If you are a regular consumer of political news, or if you are on social media and have some politically minded likes and friends, you’ve no doubt heard the outrageous story about the MAGA hat wearing Catholic high school student confronting a Native American at a rally in DC. A picture of the kid staring the old dude down, with a shit-eating grin on his face, has set social media ablaze, and has even prompted a Congressman to call for a “total and complete shutdown of teenagers wearing MAGA hats.” The Congressman, a Democrat from Kentucky, apparently forgot about the oath he took to “support and defend” and “bear true faith and allegiance to” the Constitution. He was promptly roasted on social media, and tried to walk it back as a “joke.” Now, it may very well be true that politicians aren’t always deft in their humor, but, Congressman, please…

All these happenings suck, because the initial story totally falls apart when explored more fully. The linked Reason article goes into detail that I don’t feel I need to repeat here. They suck because it didn’t take long at all for Reason, and countless others, to review the incident and all the footage of it, and find the assertion of obnoxious confrontation highly tendentious. And, they suck, because human nature virtually guarantees that the original (and highly irresponsible) tale will persist.

A couple friends (who routinely share overt negative opinions regarding Trump) posted immediate outrage after the first reports on their social media feeds. They’ve shown resistance to correction, even after the deluge of counter-reporting discredited the original tale, and find ways to justify their original outrage.

Thus goes human nature.

It’s in our nature to prefer consistency over accuracy, especially when we’ve gone public with an opinion. We tend to resent being corrected, even when it’s done gently (it’s rarely done gently on social media), and we tend to engage in motivated reasoning to defend our original snap judgments. Shortly after Trump’s election, comedian Sarah Silverman tweeted outrage over “swastikas” spray-painted on a street. They were actually utility markings that showed the location of underground pipes. Rather than simply acknowledge her error and apologize for over-reacting, she blamed it on Trump and the supposed incitement of anti-Semitism (Silverman is Jewish, and asserts that she got a lot of anti-Jew hate on social media after Trump’s victory). That’s what people tend to do when publicly embarrassed over a gaffe, and that’s why no amount of correction and disproving can fully undo the damage of a false report.

It’s also why bad science and bad medicine tend to persist over vastly greater bodies of countervailing research. The theorized vaccine-autism link was originally put forth by someone who turned out to be selling something, and was so thoroughly discredited that his study was retracted and he was defrocked. Mountains of actual research since then have found no link, but the theory persists, and is stridently defended by far too many people.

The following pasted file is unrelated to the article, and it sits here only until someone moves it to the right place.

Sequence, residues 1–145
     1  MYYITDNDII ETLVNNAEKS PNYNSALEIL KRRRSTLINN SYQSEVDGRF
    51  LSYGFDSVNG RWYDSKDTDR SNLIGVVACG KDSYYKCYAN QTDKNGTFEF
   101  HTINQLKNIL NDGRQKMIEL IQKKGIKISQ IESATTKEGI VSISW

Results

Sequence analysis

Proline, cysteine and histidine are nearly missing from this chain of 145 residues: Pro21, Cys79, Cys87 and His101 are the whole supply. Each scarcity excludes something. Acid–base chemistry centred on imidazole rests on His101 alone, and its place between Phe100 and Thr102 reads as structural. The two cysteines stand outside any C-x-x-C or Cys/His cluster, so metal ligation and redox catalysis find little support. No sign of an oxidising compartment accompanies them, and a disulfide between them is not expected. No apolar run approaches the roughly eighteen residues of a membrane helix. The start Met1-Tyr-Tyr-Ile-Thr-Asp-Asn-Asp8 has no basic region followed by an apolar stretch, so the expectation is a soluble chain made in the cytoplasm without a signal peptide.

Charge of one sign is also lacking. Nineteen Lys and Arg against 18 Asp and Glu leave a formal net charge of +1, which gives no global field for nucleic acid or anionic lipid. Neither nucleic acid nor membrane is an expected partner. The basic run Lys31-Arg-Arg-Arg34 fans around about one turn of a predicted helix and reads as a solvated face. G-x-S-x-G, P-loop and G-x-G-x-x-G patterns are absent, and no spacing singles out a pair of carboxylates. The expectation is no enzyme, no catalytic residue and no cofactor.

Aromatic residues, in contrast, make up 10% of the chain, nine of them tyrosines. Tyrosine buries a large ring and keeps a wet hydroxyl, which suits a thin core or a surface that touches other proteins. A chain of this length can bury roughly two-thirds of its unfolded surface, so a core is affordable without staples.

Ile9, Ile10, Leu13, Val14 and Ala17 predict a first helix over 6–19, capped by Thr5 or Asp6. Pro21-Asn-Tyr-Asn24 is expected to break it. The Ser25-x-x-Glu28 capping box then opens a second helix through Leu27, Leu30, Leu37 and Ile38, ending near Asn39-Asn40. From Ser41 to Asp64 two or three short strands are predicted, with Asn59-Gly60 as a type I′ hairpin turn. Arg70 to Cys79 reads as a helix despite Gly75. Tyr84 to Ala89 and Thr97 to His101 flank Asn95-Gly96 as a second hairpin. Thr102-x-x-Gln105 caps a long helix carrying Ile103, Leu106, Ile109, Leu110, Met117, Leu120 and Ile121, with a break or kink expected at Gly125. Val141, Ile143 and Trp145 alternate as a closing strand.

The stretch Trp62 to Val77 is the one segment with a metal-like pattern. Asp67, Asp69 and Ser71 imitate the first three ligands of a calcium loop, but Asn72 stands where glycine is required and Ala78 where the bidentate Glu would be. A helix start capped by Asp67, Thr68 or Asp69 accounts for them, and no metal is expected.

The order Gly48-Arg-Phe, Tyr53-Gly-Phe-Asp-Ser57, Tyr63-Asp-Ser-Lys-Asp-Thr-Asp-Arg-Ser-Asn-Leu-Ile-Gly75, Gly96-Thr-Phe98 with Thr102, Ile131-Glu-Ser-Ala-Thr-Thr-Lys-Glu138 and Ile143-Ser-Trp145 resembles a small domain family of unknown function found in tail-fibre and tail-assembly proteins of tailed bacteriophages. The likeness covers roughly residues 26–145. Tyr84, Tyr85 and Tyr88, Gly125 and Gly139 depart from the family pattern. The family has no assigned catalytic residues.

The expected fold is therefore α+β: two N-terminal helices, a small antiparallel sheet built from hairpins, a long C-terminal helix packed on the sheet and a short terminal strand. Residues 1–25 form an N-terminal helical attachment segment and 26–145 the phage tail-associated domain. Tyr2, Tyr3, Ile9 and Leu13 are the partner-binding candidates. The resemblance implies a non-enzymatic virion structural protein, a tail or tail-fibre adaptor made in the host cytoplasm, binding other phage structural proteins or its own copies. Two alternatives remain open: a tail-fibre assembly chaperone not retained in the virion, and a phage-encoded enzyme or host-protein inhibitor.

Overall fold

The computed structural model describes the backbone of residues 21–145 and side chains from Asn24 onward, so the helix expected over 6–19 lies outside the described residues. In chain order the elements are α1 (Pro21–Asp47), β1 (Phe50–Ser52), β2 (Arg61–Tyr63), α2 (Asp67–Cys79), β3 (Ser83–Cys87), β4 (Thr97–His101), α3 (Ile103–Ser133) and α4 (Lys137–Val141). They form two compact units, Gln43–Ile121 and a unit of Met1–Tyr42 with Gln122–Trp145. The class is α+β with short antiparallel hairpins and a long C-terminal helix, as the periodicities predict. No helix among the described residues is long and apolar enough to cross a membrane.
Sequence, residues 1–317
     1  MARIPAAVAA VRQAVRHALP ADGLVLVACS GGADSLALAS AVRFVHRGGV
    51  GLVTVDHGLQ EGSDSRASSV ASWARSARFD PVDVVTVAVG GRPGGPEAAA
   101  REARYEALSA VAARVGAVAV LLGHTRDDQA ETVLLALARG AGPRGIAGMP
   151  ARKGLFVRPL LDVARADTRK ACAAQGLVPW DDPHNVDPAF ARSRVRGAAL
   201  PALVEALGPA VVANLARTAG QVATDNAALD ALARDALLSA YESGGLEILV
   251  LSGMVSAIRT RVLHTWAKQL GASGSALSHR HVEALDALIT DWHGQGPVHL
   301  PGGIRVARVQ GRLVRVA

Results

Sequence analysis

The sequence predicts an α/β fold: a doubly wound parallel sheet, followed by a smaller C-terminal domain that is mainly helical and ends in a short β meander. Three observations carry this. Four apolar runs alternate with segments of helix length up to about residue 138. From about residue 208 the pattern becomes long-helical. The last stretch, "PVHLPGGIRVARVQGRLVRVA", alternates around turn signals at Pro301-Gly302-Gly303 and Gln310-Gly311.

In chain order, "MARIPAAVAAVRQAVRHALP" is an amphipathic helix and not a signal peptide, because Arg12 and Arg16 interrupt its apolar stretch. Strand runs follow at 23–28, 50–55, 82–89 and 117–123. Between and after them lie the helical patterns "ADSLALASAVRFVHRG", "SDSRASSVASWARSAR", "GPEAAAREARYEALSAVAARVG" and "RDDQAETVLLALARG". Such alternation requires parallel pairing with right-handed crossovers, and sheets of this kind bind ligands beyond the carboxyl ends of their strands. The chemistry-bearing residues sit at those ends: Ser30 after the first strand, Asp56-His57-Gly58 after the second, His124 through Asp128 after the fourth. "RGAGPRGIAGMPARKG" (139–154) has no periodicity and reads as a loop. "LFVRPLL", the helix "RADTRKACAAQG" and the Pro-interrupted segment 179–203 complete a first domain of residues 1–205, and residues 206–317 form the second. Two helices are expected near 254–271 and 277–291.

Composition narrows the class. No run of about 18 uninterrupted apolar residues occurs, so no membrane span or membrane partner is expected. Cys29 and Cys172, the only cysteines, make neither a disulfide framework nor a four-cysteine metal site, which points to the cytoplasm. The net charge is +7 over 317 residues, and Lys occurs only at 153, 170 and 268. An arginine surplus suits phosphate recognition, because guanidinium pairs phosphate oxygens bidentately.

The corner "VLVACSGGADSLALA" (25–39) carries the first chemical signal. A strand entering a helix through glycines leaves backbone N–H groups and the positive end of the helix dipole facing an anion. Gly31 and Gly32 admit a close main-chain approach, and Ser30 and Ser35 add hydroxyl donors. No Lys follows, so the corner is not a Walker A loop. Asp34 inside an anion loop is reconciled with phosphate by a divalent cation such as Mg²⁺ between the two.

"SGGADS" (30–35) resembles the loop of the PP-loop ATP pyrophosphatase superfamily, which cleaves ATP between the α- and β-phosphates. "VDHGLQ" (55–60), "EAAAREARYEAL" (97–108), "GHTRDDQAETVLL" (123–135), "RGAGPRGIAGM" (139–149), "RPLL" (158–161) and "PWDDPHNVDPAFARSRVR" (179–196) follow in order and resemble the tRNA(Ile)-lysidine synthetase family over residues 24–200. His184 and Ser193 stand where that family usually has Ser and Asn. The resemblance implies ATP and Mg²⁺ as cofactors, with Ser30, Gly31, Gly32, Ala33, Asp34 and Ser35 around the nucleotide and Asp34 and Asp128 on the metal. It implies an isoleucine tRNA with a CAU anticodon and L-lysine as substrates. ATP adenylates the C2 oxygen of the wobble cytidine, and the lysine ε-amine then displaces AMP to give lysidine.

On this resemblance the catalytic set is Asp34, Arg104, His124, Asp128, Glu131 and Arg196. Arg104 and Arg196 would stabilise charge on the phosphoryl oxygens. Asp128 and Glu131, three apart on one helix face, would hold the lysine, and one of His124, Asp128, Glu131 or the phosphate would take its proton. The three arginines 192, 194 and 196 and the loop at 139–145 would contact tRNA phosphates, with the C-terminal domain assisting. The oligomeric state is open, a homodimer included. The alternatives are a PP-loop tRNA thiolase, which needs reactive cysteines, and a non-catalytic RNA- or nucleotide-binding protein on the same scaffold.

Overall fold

Human nature doesn’t change, not across the few decades of an individual’s life, so you and I will always be confronted with this sort of behavior. Social media has grossly amplified it, because it has made it so easy to share a quick first opinion and so easy to rudely or harshly bash someone’s bad first opinion.

Were I a cynic, I’d speculate that the newsmakers routinely rely on this human failing to sway public opinion, regardless of truth.

Were I a cynic, I’d speculate that newsmakers know how outrage drives us to go public with instant, gut-check opinions, opinions that we are then motivated to defend lest we look foolish for being too quick to judge, and that they leap with salivating glee on stories like the old Native American veteran and the MAGA catholic boy.

Were I a cynic, I’d give credence to the concept of “fake news,” even though the phrase was popularized by someone whose penchant for unvarnished truth is about as great as his taste in haute cuisine.

Were I a cynic, I’d conclude that the people who claim to be the government’s watchdogs, the speakers of truth-to-power, and the “good guys” watching out for our interests are actually worse human beings than most of the rest of us, because they hide their selfish and biased behaviors behind a veneer of noble cause.

Were I a cynic, I’d do my best to count to ten before responding to tales of outrage offered by newsmakers, because they’ve demonstrated time and again that advancing an agenda is more important than telling the truth.

Were I a cynic, I’d distrust everybody who tries to stoke my outrage.

Oh, wait, I do…

Peter Venetoklis

About Peter Venetoklis

I am twice-retired, a former rocket engineer and a former small business owner. At the very least, it makes for interesting party conversation. I'm also a life-long libertarian, I engage in an expanse of entertainments, and I squabble for sport.

Nowadays, I spend a good bit of my time arguing politics and editing this website.

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